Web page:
Sunday, May 7, 2023

The True and Living Way


John 14:1-14

Easter 5 / Year A

One of the real blessings of my life has been the three pilgrimages I have made with colleagues and friends in the last few of years.  Each was remarkable in its own right, but one stands out from the other two in a particular aspect. 

The English and the Portuguese Ways of the Camino are two of several different paths leading to Santiago de Compostela in northwest Spain.  The routes have been well travelled for centuries and are well-marked in two different ways.  One is a scalloped seashell (the symbol of the Camino) and the other is a simple painted yellow arrow.  Without fail, any time the path offers a choice of directions a yellow arrow points the way.  Urban centers can be challenging and more than once my fellow pilgrims and I stood at a busy intersection scouring high and low, to and fro to find a marker to guide us.  Only once or twice on these two pilgrimages did I get ‘lost’ by missing an arrow telling me to turn.

I cannot say the same thing about the Way of St. Cuthbert along the English/Scottish border.  The route went along roads, through fields, and on remote paths, but was not nearly as well marked as the Camino.  Being ‘lost’ happened several times a day and more than once I had to access my google maps to figure out where I was and how to get to where I was supposed to be. 

This morning we hear St. Thomas say to Jesus, “We do not know where you are going.  How can we know the way?”  Jesus famously answers, “I am the way.  I am the truth.  And I am life”.  As with last week’s image of the gate, in its original context this teaching is much more generous than what it has become.  Today it is used by some to say any person who practices a religion other than Christianity (or who doesn’t practice any religion at all) is lost and will never get into heaven.  But as Jesus intends it, he is assuring his followers he will guide them through life. 

I have never warmed to how philosophical “The Way, the Truth, and the Life” sounds.  One scholar I read years ago pointed out the central theme of the passage revolves around the concept of way so he suggests a better translation of Jesus’ teaching might have truth and life modifying it.  He advocates we hear Jesus as saying, “I am the true and living Way.”  On last Tuesday’s clergy zoom call with the bishop we began our time by talking about this passage.  When I shared the translation “the true and living Way,” Bishop Susan said it suggests there are a lot of ways you can go that aren’t nearly as life-giving.  Amen, I thought.  I can tell you every single time I lost my way on a pilgrimage I only made it harder on myself.  I never once found a shortcut or an easier path.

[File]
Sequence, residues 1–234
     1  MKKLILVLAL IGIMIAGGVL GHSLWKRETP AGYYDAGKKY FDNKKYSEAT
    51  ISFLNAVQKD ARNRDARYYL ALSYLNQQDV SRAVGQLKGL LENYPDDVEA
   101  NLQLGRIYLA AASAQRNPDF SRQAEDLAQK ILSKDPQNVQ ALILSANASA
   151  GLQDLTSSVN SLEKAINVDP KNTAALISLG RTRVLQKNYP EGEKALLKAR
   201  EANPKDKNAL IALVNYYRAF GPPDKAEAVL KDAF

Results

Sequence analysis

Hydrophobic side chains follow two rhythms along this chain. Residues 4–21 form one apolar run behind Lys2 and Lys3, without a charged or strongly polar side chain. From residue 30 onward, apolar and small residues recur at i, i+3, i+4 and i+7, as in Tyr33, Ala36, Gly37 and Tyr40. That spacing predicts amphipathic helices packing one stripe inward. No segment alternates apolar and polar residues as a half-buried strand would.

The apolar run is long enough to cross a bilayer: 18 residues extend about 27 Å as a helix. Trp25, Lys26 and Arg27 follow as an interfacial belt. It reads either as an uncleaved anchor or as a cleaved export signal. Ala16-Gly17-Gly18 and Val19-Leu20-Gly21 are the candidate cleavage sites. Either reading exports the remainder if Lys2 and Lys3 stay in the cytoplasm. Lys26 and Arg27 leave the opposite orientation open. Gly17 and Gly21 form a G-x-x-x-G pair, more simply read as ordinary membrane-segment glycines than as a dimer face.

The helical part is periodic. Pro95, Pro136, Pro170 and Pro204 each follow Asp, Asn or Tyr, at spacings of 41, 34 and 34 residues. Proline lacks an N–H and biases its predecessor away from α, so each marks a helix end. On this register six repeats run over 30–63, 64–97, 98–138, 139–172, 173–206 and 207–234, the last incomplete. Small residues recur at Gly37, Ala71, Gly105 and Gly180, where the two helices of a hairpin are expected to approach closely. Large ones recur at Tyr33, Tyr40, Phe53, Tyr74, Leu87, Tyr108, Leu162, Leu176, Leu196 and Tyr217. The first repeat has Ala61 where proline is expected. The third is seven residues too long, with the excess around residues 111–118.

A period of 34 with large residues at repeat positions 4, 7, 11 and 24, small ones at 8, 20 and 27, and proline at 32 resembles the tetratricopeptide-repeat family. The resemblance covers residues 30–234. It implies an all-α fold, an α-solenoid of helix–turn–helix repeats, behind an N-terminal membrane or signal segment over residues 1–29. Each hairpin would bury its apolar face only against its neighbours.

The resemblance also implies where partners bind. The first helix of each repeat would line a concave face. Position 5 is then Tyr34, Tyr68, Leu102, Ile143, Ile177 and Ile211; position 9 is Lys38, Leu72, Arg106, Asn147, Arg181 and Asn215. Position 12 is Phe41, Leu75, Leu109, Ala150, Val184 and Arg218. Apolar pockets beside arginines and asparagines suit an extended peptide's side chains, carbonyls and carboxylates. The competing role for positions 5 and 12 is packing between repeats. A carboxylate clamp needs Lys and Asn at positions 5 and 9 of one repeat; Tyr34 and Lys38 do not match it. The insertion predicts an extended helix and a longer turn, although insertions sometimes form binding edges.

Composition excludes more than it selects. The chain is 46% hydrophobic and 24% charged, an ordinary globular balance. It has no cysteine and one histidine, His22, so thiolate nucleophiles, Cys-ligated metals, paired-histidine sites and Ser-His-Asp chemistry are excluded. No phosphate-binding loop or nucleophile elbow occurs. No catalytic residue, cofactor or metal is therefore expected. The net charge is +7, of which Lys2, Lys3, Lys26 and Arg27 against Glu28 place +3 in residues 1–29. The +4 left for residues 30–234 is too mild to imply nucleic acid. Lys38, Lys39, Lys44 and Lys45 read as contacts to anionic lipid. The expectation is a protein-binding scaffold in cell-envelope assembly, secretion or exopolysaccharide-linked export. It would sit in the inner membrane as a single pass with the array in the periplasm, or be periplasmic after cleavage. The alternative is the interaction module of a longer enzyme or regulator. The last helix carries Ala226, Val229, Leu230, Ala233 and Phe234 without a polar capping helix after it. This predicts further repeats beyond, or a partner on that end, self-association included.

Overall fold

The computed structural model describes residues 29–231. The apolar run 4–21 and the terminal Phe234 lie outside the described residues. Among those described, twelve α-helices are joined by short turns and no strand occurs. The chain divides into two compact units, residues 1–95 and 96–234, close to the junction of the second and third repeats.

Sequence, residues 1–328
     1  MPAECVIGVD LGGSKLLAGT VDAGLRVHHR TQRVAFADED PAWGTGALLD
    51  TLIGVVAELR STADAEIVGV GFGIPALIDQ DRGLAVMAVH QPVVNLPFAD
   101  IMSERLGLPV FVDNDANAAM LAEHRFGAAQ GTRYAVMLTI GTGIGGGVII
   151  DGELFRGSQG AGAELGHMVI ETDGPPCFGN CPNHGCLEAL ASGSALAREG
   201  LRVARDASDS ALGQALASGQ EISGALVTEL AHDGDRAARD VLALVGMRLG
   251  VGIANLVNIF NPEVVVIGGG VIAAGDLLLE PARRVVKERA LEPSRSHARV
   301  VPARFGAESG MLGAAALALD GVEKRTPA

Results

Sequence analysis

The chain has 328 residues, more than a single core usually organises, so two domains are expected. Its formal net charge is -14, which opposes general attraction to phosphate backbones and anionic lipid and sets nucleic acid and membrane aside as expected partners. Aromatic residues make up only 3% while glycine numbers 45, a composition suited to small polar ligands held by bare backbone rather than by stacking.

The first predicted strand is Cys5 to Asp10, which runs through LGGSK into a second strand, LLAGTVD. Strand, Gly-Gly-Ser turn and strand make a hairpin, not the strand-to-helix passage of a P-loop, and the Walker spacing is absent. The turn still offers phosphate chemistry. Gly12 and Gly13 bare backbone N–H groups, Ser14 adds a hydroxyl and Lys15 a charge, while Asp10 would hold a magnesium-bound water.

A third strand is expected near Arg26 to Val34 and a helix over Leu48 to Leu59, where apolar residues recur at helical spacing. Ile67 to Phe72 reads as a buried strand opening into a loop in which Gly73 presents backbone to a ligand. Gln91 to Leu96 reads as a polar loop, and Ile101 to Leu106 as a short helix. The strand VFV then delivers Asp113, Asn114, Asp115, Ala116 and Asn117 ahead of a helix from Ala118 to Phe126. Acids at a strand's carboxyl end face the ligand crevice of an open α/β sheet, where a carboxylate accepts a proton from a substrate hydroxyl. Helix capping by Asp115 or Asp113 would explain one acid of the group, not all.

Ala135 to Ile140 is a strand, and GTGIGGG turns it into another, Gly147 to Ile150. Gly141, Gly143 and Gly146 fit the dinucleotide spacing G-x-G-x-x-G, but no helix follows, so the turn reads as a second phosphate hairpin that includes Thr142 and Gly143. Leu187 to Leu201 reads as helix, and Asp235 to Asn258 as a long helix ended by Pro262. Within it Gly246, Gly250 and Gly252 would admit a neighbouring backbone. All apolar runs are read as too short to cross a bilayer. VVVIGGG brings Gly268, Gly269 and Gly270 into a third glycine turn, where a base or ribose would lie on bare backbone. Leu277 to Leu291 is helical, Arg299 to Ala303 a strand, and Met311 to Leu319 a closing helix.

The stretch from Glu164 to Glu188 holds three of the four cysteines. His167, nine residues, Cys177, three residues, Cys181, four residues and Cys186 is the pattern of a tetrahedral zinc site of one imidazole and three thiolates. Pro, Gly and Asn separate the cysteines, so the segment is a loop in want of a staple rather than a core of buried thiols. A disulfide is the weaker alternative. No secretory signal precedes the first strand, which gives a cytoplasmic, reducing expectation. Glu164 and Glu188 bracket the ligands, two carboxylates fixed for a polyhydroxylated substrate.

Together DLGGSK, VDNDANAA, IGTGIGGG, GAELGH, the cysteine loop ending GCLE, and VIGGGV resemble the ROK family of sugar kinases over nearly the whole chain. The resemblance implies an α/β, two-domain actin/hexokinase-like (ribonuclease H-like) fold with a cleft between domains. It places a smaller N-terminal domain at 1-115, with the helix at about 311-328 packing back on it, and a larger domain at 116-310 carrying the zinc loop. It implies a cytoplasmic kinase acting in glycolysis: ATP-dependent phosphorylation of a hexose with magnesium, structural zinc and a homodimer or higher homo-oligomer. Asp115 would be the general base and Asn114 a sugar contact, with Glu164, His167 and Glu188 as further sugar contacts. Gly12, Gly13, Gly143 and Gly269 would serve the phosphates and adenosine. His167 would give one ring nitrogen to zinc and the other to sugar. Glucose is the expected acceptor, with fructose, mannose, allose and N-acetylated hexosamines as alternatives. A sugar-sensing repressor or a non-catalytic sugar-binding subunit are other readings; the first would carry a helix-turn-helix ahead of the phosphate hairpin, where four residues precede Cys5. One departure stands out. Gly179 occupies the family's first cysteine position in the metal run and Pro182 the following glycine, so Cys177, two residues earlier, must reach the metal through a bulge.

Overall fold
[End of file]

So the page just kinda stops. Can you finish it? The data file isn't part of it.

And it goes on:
In case you haven’t guessed, my favorite metaphor of the life of faith is a pilgrimage, a path, and a way.  In the 9th chapter of the Book of Acts we learn before Christians were called Christians and before anyone used the word church, we learn following Jesus initially was known as “The Way.”  It is a rich image used throughout Scripture.  The Psalmist professes,

You will show me the path of life;

In your presence is fullness of joy,

At your right hand are pleasures forever more.


In Matthew we hear Jesus teach this to his followers:

Enter through the narrow gate.  For wide is the gate and broad is the road that leads to destruction, and many enter through it.  But small is the gate and narrow the road that leads to life, and only a few find it.  (7:13-14)

Wendell Berry, in an essay in his book The Art of the Commonplace, invites us to ponder the difference between approaching the spiritual life as a path or as a road.  The road mindset looks like rushing into church once a week (or once a month), tanking up, and then rushing out afterward to a life of, well, rushing around.  Berry notes,


“A path is little more than a habit that comes with knowledge of a place.  It is a sort of ritual of familiarity.  As a form, it is a form of contact with a known landscape.  It is not destructive.  It is the perfect adaptation, through experience and familiarity, of movement to place; it obeys the natural contours; such obstacles as it meets it goes around.”

Roads get you efficiently (and mindlessly) from one place to another.  Paths change you.  I have never once sat in a traffic jam and contemplated all the people who have travelled on that particular interstate before me.  But I can tell you I have been on many different paths where I felt connected to people and events from across the centuries.  A couple of years ago I blazed a trail through a gorge in downtown Akron on a beautiful fall day.  At one point I stopped to take in the sights of falling leaves and the sound of rushing water and realized I was standing in a moment and a place unchanged since the end of the Ice Age.  It is times like these when I sense I am walking on the true and living Way.

Paulo Coelho, in his book By the River Piedra I Sat Down and Wept, cautions “It’s one thing to feel that you are on the right path, but it’s another to think yours is the only path.”  Please don’t hear me saying you have to go on a pilgrimage in order understand the Christian life as being like a pilgrimage.  And please don’t hear me saying only I know the way.  I am in the best position to determine the true and living Way Jesus invites me to go, but it is not going to be the exact same path Jesus invites you to walk.  But, as Jesus promises Thomas, so he promises us, “I will show you the way.”